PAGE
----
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Americans are starting to receive the much-awaited stimulus check by direct deposit Monday, as the Internal Revenue Service sent out the first round of aid for citizens impacted by the coronavirus pandemic, according to a senior Treasury Department official.
By Wednesday, the IRS is expected to have deposited between $50 million to $60 million worth of checks, the official said.
The distributions are part of the $2.2 trillion CARES Act signed into law by President Trump at the end of March.
At the heart of the largest relief plan in recent memory is $1,200 checks for individuals who earn less than $75,000 annually, $2,400 for couples who earn less than $150,000 and $500 for every child. The payments are tapered for higher-earners and phase out completely for individuals who earn more than $99,000, or couples who earn more than $198,000.
The cash is intended to alleviate financial burdens for Americans caused by the coronavirus pandemic, which has paralyzed the U.S. economy. In three weeks alone, more than 16 million Americans filed for unemployment, the Labor Department said. The record-shattering number is a stunning sign of the depth of the economic calamity inflicted by the virus outbreak.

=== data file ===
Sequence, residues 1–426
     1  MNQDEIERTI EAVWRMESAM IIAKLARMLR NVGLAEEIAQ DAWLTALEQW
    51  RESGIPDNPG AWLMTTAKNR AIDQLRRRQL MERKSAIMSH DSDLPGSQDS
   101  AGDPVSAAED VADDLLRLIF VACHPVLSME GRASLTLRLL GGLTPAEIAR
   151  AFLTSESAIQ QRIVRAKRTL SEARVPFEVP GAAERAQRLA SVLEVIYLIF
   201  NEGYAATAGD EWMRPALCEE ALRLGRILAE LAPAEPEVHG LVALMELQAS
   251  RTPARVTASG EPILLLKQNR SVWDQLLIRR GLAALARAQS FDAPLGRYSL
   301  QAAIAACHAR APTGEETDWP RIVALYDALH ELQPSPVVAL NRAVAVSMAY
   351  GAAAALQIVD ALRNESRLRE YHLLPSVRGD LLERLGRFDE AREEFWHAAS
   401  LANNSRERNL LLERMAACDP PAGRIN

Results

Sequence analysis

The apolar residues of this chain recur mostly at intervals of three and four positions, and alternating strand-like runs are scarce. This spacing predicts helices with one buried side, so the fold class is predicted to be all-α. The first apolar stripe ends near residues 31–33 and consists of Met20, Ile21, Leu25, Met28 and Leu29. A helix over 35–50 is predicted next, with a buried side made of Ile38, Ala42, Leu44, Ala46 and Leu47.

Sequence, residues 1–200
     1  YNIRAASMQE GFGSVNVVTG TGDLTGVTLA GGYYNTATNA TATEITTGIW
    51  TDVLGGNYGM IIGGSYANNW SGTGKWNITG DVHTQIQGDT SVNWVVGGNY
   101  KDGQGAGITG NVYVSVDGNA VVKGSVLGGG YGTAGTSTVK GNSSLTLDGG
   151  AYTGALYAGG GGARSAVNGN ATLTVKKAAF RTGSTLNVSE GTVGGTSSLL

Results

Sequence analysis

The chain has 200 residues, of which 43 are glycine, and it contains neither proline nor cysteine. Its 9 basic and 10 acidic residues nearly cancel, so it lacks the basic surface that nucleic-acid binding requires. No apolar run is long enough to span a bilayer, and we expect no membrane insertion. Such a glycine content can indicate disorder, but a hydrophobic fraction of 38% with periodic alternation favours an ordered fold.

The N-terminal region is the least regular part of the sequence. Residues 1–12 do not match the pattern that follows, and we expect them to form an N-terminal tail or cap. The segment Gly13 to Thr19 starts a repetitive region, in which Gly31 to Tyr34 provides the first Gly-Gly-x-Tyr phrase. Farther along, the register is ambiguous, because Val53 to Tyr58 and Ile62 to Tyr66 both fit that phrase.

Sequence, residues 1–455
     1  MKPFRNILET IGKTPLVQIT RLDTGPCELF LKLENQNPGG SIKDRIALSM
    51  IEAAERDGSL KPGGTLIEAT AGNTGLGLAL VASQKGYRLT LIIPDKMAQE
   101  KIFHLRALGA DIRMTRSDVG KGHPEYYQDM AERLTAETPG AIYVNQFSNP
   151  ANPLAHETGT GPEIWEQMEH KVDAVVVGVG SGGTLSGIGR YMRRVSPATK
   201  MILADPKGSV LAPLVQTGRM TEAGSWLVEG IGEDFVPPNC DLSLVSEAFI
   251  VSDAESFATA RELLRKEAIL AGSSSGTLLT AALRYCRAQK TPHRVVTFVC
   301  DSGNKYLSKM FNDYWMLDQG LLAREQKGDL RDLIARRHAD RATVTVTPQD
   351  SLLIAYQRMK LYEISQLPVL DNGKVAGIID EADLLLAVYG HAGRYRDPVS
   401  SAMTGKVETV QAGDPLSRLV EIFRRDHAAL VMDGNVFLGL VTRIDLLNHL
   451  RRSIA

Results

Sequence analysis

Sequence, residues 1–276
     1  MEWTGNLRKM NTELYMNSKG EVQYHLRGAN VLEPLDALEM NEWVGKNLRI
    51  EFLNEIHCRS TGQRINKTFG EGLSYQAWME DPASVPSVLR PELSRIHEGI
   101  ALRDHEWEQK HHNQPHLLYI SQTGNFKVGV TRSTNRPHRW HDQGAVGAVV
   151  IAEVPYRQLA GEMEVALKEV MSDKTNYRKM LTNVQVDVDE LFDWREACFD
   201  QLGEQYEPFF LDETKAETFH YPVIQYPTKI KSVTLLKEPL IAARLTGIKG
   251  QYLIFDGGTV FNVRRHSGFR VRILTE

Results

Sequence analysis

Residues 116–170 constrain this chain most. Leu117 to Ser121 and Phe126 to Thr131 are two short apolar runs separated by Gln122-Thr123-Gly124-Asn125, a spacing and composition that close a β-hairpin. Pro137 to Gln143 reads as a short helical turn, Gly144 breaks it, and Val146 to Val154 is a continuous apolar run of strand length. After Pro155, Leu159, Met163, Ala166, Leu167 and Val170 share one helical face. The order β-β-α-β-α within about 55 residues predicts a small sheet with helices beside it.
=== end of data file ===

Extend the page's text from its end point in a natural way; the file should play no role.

The IRS said on Saturday that it had started to deposit the first stimulus checks into taxpayers' accounts.
The speed at which the money is distributed depends on people’s tax-filing method -- and whether the government has their banking information. Electronic payments can be disbursed quicker than cash checks, which must be printed and mailed separately.
An estimated 80 percent of tax filers will be able to easily receive the money because they already have shared account information with the IRS.
“If we have your information you’ll get it within two weeks,” Mnuchin said last week. “Social Security, you’ll get it very quickly after that. If we don’t have your information you’ll have a simple web portal, we’ll upload it. If we don’t have that, we’ll send you checks in the mail.”
If Americans did not file a 2019 or 2018 tax return, which will be used by the agency to calculate eligibility, the IRS has instructed them to file a “simple tax return,” with basic filing information like filing status, the number of dependents and bank information.
FOX Business' Edward Lawrence contributed to this report.